Before Rhodes, P. J., and Hirt, Reno, Dithrich, Ross and Fine, JJ.
[ 166 Pa. Super. Page 134]
Appellant, holder of a Pennsylvania Malt or Brewed Beverage License, after a trial by jury, was convicted of violating § 602, article VI, of the Pennsylvania Liquor Control Act of November 29, 1933, Sp.Sess., P.L. 15, as amended, 47 P.S. § 744-602, which makes it unlawful for any person '* * * to have or keep any liquor within the Commonwealth, unless the package * * * in which the liquor is contained, * * * bears the official seal of the board.'
Appellant admittedly brought into Pennsylvania liquor which he had purchased in a liquor store in Steubenville, Ohio. Pennsylvania Liquor Control Board officers, who had been stationed at the Ohio store, saw appellant make the purchase and place the packages in an automobile which bore a Pennsylvania license number. They tried to follow appellant back into Pennsylvania but lost trace of him somewhere in West Virginia. They then proceeded to the State Police barracks in Imperial, Pa., where they secured the information that appellant was the owner of an automobile bearing the license number of the car they had observed in Ohio, after which they proceeded to his place of business in Washington County.
Not finding the liquor in the restaurant, the officers questioned appellant and were told by him that it was still in the automobile in his garage adjacent to the restaurant. Upon request of the officers, appellant opened the garage doors, the liquor was found and seized, and appellant was placed under arrest. The garage was located forty feet to the left of the restaurant, and appellant's home was located thirty feet to the right thereof.
The chief burden of appellant's complaint is the admission in evidence of the liquor, which he contends was unlawfully seized. The learned court below held that it was not an unreasonable search and seizure, but
[ 166 Pa. Super. Page 135]
whether it was or was not -- and we agree that it was not -- the evidence seized was clearly admissible.
Subsequent to the filing on February 28, 1949, of the opinion in this case refusing appellant's motions in arrest of judgment and for a new trial, the Supreme Court of the United States on June 27, 1949, speaking through Mr. Justice Frankfurter, in Wolf v. People of State of Colorado, 338 U.S. 25, at pages 25, 26, 69 S.Ct. 1359, at page 1360, said: 'The precise question for consideration is this: Does a conviction by a State court for a State offense deny the 'due process of law' required by the Fourteenth Amendment, solely because evidence that was admitted at the trial was obtained under circumstances which would have rendered it inadmissible in a prosecution for violation of a federal law in a court of the United States because there [was] deemed to be an infraction of the Fourth Amendment as applied in Weeks v. United States, 232 U.S. 383, 34 S.Ct. 341, 58 L.Ed. 652, L.R.A.1915B, 834, Ann.Cas.1915C, 1177?'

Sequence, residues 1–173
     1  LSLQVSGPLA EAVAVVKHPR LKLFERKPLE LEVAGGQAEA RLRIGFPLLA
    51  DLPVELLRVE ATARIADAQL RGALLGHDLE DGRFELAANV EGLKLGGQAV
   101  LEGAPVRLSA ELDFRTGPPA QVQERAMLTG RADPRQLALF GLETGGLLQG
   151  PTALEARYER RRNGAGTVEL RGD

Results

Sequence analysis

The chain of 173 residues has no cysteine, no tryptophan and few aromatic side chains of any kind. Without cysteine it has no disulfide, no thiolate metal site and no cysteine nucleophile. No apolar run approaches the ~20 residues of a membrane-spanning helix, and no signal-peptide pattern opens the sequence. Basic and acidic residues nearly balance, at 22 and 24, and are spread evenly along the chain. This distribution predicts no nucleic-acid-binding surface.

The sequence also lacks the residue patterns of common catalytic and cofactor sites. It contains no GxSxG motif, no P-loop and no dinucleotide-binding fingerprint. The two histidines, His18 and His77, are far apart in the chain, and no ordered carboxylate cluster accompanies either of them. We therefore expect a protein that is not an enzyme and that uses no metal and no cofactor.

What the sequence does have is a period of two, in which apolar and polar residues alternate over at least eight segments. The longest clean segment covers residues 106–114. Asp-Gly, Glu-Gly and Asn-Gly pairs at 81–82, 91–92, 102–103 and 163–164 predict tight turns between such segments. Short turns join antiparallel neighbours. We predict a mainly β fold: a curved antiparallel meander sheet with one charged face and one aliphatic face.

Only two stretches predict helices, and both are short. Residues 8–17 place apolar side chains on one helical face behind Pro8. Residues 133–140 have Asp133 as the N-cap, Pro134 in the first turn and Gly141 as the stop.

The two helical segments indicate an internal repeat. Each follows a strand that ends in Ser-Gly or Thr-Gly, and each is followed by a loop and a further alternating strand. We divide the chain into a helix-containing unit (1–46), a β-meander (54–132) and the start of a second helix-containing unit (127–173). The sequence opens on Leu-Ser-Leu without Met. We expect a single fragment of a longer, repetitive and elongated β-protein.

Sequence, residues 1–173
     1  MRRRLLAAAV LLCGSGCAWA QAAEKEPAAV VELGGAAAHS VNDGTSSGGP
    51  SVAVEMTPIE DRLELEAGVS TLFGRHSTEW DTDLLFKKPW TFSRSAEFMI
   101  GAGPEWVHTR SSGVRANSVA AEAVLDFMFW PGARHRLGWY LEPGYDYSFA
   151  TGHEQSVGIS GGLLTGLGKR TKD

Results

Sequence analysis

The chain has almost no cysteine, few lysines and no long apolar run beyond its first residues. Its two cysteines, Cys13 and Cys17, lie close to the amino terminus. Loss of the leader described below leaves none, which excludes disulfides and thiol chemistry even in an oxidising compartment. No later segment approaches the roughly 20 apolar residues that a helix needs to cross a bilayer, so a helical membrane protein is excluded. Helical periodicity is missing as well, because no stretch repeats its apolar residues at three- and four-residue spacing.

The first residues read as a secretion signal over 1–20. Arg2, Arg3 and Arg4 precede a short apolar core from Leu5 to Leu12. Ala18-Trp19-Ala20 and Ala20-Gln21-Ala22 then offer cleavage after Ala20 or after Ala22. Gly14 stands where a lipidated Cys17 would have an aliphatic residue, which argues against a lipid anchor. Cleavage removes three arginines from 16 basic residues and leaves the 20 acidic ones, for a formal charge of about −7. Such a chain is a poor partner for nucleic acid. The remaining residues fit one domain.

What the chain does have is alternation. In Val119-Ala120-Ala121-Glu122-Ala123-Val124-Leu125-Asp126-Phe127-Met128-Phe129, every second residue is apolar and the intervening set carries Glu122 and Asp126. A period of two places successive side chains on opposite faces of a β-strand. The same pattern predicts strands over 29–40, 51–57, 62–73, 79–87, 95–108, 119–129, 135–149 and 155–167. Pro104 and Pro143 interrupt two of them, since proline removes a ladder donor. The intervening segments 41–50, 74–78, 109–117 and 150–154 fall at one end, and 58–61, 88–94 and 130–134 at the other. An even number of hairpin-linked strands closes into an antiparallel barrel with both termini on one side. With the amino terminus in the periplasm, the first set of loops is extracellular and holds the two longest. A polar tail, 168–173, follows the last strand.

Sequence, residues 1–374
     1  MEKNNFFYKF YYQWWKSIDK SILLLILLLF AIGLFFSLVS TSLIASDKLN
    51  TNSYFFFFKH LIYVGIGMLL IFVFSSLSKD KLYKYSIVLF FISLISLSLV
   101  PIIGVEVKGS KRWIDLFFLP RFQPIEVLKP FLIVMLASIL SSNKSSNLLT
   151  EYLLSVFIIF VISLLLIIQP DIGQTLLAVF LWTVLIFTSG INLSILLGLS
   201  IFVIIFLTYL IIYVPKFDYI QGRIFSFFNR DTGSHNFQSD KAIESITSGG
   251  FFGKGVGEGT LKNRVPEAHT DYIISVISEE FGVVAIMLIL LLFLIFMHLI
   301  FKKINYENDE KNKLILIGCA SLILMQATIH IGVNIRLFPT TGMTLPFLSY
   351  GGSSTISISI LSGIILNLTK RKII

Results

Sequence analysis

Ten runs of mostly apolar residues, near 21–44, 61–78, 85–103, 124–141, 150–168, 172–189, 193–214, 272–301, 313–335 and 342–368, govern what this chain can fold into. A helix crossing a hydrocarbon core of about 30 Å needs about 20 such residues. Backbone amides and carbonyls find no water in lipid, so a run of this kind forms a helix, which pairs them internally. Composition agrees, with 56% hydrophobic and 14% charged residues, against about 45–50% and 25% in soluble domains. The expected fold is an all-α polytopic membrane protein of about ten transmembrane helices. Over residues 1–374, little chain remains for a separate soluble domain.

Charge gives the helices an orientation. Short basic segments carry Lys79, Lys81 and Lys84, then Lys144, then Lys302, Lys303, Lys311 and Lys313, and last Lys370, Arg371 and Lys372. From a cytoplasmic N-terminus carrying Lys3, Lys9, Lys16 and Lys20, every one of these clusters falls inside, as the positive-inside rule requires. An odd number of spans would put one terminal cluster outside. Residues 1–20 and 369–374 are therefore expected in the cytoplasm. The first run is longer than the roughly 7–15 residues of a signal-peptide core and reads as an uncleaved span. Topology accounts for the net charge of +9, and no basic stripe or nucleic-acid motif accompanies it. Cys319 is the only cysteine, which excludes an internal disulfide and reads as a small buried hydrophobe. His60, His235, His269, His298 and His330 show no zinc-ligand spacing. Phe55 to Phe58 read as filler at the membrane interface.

The Court held, 338 U.S. page 33, 69 S.Ct. page 1364 (Justices MURPHY, DOUGLAS, and RUTLEDGE dissenting), 'that in a prosecution in a State court for a State crime the Fourteenth Amendment does not forbid the admission of evidence obtained by an unreasonable search and seizure.' The appendix to the opinion contains a number of tables showing the contrariety of views held by the several states of the problem in the light of the Weeks decision, supra. Pennsylvania is listed in Table E 'States Which Passed on the Weeks Doctrine for the First Time After the Weeks Decision and in So Doing Rejected It.' See Commonwealth v. Dabbierio, 290 Pa. 174, 138 A. 679; Commonwealth v. Gross, 125 Pa. Super. 373, 189 A. 726.
The judgment is affirmed, and it is ordered that the defendant appear in the court below at such time as he may be there called, and that he be by that court committed until he has complied with his sentence or any part of it that had not been performed at the time the appeal was made a supersedeas.